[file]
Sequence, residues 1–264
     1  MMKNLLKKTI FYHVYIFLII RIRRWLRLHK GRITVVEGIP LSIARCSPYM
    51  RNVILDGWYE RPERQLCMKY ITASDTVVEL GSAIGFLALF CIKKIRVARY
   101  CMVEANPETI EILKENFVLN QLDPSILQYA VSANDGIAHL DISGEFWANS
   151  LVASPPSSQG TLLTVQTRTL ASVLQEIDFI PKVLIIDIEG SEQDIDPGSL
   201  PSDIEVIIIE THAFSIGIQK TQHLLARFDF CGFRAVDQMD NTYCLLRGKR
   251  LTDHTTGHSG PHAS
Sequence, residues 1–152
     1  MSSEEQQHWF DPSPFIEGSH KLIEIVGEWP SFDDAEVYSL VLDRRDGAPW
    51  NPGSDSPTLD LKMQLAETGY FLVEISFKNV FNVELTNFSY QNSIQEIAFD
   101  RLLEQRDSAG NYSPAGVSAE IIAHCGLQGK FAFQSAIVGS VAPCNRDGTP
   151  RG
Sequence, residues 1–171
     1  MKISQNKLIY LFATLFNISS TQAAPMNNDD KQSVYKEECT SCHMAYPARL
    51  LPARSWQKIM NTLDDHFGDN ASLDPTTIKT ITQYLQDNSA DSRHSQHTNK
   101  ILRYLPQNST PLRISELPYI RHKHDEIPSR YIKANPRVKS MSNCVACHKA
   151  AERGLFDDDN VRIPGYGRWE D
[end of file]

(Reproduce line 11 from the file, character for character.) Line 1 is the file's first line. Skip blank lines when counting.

   101  RLLEQRDSAG NYSPAGVSAE IIAHCGLQGK FAFQSAIVGS VAPCNRDGTP